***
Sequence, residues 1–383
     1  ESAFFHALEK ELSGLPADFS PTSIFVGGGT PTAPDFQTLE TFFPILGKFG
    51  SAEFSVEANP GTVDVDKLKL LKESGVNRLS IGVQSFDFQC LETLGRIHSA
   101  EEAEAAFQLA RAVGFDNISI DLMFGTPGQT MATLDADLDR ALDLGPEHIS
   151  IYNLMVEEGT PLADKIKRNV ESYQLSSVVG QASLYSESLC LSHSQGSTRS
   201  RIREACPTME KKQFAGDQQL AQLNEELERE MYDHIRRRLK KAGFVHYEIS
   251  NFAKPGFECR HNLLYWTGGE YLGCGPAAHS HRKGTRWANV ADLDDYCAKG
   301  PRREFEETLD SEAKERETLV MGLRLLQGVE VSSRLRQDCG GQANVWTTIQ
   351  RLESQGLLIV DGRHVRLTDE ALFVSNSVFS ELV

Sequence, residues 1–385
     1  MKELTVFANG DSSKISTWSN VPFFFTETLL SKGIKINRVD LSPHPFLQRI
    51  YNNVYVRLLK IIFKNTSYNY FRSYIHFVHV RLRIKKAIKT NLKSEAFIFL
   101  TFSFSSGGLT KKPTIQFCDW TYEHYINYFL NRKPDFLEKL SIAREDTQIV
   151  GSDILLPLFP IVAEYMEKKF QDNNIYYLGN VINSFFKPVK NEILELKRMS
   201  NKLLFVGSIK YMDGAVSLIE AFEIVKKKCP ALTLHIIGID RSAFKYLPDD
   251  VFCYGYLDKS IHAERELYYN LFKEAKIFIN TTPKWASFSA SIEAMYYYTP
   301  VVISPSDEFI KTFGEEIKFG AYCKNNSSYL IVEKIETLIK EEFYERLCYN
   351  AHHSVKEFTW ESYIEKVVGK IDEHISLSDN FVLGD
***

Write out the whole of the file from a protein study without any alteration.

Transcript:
Sequence, residues 1–383
     1  ESAFFHALEK ELSGLPADFS PTSIFVGGGT PTAPDFQTLE TFFPILGKFG
    51  SAEFSVEANP GTVDVDKLKL LKESGVNRLS IGVQSFDFQC LETLGRIHSA
   101  EEAEAAFQLA RAVGFDNISI DLMFGTPGQT MATLDADLDR ALDLGPEHIS
   151  IYNLMVEEGT PLADKIKRNV ESYQLSSVVG QASLYSESLC LSHSQGSTRS
   201  RIREACPTME KKQFAGDQQL AQLNEELERE MYDHIRRRLK KAGFVHYEIS
   251  NFAKPGFECR HNLLYWTGGE YLGCGPAAHS HRKGTRWANV ADLDDYCAKG
   301  PRREFEETLD SEAKERETLV MGLRLLQGVE VSSRLRQDCG GQANVWTTIQ
   351  RLESQGLLIV DGRHVRLTDE ALFVSNSVFS ELV

Sequence, residues 1–385
     1  MKELTVFANG DSSKISTWSN VPFFFTETLL SKGIKINRVD LSPHPFLQRI
    51  YNNVYVRLLK IIFKNTSYNY FRSYIHFVHV RLRIKKAIKT NLKSEAFIFL
   101  TFSFSSGGLT KKPTIQFCDW TYEHYINYFL NRKPDFLEKL SIAREDTQIV
   151  GSDILLPLFP IVAEYMEKKF QDNNIYYLGN VINSFFKPVK NEILELKRMS
   201  NKLLFVGSIK YMDGAVSLIE AFEIVKKKCP ALTLHIIGID RSAFKYLPDD
   251  VFCYGYLDKS IHAERELYYN LFKEAKIFIN TTPKWASFSA SIEAMYYYTP
   301  VVISPSDEFI KTFGEEIKFG AYCKNNSSYL IVEKIETLIK EEFYERLCYN
   351  AHHSVKEFTW ESYIEKVVGK IDEHISLSDN FVLGD